Methods: This is a cross-sectional study conducted at 3 major hospitals and 10 high schools (recruitment used stratified sampling) in the Gaza Strip between September and October 2017. A previously pilot-tested, Arabic version of the Bowel Cancer/CRC Awareness Measure (CAM) questionnaire, a validated standardized questionnaire to measure public CRC awareness, was used. It consists of four sections: sociodemographic data, awareness of CRC symptoms, awareness of CRC risk factors, and barriers to seek medical help. Adults (aged ≥18 years) visiting or admitted to any of the three hospitals, and high-school students (aged 15-17 years) in any of the ten schools were recruited for face-to-face interviews to complete the CAM. Patients and visitors to oncology departments were ineligible. Informed consent and ethical approval were obtained.
Results: A total of 3080 participants completed the CAM questionnaire (of 3236 approached; response rate was 97.3% in HSS and 92.8% in adults). 1502 (48.8%) were HSS (730 males; 48.6%) and 1578 (51.2%) adults (736 males; 46.6%). Overall, 1391 (45.2%) reported that the chance of getting CRC is not related to age. A persistent abdominal pain was the most commonly recognized cancer symptom (n=1899, 61.7%) while pain in back passage was the least (n=1056, 34.3%). 2177 (70.7%) reported that they are not confident in recognizing CRC symptom/sign. Having a bowel disease (e.g, ulcerative colitis) was the most frequently recognized CRC risk factor (n= 1456, 47.3%) and having diabetes was the least (n=591, 19.2%). In general, adults have better awareness than HSS in terms of: recognizing CRC symptoms (mean score = 20.8 vs 18.7 of 24 total score, p< 0.0001) and its risk factors (mean score= 27.2 vs 25.4 of 45 total score, p< 0.0001). Worry about what a doctor might find was the most reported barrier to seek medical help among adults (n= 773, 49%), whereas, lack of confidence to talk about symptoms with the doctor was the most commonly reported one in HSS (n= 777, 51.7%).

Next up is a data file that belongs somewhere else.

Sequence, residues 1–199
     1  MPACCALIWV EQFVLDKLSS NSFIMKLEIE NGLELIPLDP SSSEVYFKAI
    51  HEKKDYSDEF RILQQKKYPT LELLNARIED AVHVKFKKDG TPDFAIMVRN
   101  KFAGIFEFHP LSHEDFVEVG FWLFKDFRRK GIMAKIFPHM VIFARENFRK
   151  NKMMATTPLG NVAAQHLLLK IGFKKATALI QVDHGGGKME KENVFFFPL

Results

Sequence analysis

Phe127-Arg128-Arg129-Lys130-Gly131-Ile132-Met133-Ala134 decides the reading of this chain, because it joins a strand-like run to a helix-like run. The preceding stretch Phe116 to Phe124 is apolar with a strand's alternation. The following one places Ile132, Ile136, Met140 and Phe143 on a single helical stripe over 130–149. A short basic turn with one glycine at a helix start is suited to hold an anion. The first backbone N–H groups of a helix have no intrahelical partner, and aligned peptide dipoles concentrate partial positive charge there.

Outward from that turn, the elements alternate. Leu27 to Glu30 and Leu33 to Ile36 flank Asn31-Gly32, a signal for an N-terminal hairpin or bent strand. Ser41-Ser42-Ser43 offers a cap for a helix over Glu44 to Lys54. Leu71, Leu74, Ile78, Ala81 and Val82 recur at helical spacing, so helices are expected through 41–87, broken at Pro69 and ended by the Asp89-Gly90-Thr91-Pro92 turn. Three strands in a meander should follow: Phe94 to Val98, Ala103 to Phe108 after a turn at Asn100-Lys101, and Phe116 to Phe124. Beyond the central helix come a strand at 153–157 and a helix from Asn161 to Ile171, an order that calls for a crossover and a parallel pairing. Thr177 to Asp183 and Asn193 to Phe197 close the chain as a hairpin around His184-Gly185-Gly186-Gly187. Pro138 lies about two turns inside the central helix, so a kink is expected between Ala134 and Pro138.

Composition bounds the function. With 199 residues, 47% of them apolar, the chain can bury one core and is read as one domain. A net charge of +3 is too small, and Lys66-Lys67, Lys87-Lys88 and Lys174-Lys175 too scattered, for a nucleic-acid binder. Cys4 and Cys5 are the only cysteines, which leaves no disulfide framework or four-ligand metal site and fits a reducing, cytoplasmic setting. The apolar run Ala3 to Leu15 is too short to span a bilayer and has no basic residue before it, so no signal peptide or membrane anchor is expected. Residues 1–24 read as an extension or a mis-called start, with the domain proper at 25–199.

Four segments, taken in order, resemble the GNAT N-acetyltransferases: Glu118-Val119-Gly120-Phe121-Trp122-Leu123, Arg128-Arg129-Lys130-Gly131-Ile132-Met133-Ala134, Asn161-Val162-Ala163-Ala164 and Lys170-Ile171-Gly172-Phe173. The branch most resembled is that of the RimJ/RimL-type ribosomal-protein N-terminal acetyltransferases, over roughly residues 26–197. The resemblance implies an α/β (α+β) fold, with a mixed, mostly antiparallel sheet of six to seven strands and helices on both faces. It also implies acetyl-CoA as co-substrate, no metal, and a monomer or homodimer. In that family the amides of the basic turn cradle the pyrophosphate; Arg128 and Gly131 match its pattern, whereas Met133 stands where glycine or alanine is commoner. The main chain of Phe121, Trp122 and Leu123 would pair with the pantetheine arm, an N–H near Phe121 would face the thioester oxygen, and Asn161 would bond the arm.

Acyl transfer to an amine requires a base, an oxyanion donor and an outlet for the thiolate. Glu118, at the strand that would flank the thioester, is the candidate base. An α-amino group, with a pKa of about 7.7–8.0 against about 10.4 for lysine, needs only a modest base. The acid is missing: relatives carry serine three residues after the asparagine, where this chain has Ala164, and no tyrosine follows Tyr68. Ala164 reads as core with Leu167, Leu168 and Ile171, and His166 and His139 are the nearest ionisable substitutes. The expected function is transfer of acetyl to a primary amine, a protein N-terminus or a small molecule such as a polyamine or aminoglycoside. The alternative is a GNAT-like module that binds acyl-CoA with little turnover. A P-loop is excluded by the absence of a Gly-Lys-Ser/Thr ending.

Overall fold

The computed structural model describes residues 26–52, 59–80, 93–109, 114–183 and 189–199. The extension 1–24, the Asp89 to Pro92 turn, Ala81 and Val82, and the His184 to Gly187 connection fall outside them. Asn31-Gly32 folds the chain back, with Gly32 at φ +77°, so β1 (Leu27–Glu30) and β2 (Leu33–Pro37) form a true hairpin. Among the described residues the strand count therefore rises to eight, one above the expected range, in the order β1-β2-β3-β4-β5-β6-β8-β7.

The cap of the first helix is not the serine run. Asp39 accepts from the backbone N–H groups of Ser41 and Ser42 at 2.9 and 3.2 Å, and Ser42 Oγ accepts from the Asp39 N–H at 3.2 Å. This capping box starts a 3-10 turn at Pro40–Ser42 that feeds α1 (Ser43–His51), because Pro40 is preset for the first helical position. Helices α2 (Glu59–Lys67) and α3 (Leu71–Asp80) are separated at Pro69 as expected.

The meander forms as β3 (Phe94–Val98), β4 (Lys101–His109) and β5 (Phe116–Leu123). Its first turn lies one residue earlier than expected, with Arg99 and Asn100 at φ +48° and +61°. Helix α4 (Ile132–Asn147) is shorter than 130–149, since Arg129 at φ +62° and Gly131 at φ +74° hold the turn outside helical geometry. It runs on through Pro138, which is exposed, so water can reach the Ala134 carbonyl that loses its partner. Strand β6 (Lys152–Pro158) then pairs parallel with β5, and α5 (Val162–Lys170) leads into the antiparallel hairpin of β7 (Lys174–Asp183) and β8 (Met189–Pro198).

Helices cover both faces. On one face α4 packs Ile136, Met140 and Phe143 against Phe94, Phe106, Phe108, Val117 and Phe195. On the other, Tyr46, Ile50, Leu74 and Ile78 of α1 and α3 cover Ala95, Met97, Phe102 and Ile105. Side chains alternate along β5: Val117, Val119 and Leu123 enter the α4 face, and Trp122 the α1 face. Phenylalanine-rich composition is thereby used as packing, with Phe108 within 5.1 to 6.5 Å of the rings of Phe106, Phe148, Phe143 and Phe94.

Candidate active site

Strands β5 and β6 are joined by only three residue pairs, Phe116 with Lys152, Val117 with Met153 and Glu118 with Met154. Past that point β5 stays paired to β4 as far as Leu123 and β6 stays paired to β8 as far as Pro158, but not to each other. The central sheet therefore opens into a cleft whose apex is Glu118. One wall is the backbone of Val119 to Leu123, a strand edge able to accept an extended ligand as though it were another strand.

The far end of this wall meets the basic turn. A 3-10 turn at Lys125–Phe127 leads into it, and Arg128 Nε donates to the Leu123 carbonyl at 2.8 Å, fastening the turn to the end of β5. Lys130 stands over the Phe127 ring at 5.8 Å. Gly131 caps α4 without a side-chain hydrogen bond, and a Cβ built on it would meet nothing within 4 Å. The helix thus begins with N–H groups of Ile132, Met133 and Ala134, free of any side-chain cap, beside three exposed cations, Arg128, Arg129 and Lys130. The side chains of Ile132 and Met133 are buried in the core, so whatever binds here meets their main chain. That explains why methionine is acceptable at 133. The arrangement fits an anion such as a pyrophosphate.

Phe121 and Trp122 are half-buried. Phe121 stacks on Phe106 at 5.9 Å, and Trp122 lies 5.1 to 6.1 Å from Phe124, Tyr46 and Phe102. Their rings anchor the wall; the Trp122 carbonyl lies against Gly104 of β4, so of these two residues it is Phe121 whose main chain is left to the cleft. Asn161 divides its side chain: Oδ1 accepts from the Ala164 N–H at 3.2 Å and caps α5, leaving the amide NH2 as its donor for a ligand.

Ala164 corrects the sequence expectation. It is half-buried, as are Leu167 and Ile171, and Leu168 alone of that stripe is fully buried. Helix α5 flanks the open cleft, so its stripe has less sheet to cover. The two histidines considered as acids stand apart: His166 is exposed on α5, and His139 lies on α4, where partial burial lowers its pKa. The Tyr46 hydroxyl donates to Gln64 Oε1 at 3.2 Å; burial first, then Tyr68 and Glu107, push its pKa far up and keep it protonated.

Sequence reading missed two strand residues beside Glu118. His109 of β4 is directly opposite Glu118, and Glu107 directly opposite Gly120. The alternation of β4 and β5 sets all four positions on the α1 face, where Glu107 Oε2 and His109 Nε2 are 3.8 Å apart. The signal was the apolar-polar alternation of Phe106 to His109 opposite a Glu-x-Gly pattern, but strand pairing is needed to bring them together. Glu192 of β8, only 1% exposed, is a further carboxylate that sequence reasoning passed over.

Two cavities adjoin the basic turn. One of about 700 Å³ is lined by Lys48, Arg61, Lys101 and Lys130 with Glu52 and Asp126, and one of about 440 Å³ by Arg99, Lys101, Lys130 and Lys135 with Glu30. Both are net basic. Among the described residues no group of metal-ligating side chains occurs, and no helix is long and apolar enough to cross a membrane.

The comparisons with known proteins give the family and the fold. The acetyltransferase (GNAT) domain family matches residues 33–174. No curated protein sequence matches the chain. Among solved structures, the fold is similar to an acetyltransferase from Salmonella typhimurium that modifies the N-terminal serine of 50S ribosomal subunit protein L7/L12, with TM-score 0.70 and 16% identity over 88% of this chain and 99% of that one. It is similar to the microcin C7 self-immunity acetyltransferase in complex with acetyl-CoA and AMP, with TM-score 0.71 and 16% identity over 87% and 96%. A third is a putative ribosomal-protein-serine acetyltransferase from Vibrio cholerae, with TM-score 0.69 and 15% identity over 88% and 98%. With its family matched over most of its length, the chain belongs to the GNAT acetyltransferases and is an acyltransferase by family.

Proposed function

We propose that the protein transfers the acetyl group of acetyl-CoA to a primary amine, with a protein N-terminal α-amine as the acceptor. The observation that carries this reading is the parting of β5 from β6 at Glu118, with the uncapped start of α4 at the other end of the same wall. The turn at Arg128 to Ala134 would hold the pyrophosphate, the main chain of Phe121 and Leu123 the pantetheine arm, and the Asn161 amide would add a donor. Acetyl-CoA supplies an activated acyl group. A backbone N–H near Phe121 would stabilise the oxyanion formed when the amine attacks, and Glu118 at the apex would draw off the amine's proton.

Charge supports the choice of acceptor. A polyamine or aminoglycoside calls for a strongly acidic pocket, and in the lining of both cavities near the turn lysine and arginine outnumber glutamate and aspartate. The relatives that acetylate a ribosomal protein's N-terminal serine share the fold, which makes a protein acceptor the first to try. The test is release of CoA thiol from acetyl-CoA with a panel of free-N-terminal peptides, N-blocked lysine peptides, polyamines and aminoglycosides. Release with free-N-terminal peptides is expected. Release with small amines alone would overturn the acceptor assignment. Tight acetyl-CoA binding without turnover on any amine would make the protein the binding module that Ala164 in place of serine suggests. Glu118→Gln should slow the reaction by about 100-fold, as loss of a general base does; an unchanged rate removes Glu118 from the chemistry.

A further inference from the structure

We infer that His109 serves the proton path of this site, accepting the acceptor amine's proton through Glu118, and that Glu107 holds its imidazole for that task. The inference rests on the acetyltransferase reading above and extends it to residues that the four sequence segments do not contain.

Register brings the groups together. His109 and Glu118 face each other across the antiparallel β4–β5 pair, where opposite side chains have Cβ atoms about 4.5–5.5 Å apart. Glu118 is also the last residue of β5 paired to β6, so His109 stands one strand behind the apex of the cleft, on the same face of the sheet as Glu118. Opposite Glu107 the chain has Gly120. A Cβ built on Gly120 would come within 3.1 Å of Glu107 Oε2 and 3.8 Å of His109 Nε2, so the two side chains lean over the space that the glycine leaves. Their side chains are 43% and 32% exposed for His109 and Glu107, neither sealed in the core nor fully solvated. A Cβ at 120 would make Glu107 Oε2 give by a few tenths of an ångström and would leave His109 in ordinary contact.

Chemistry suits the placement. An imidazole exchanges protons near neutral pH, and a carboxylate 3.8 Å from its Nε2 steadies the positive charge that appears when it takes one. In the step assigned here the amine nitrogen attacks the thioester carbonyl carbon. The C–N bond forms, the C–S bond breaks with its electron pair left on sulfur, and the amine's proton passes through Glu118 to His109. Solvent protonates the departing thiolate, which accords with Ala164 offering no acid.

Conclusions:The public awareness of CRC is suboptimal in the Gaza Strip. Interventions to improve the public awareness of CRC (e.g., educational outreach) is warranted. School curriculums should include awareness sessions on cancer symptoms and risk factors, including CRC.
|Number of pages||2|
|Publication status||Published - Jul 2018|
|Event||Annual Meeting of the American-Association-for-Cancer-Research (AACR) - Chicago, Israel|
Duration: 14 Apr 2018 → 18 Apr 2018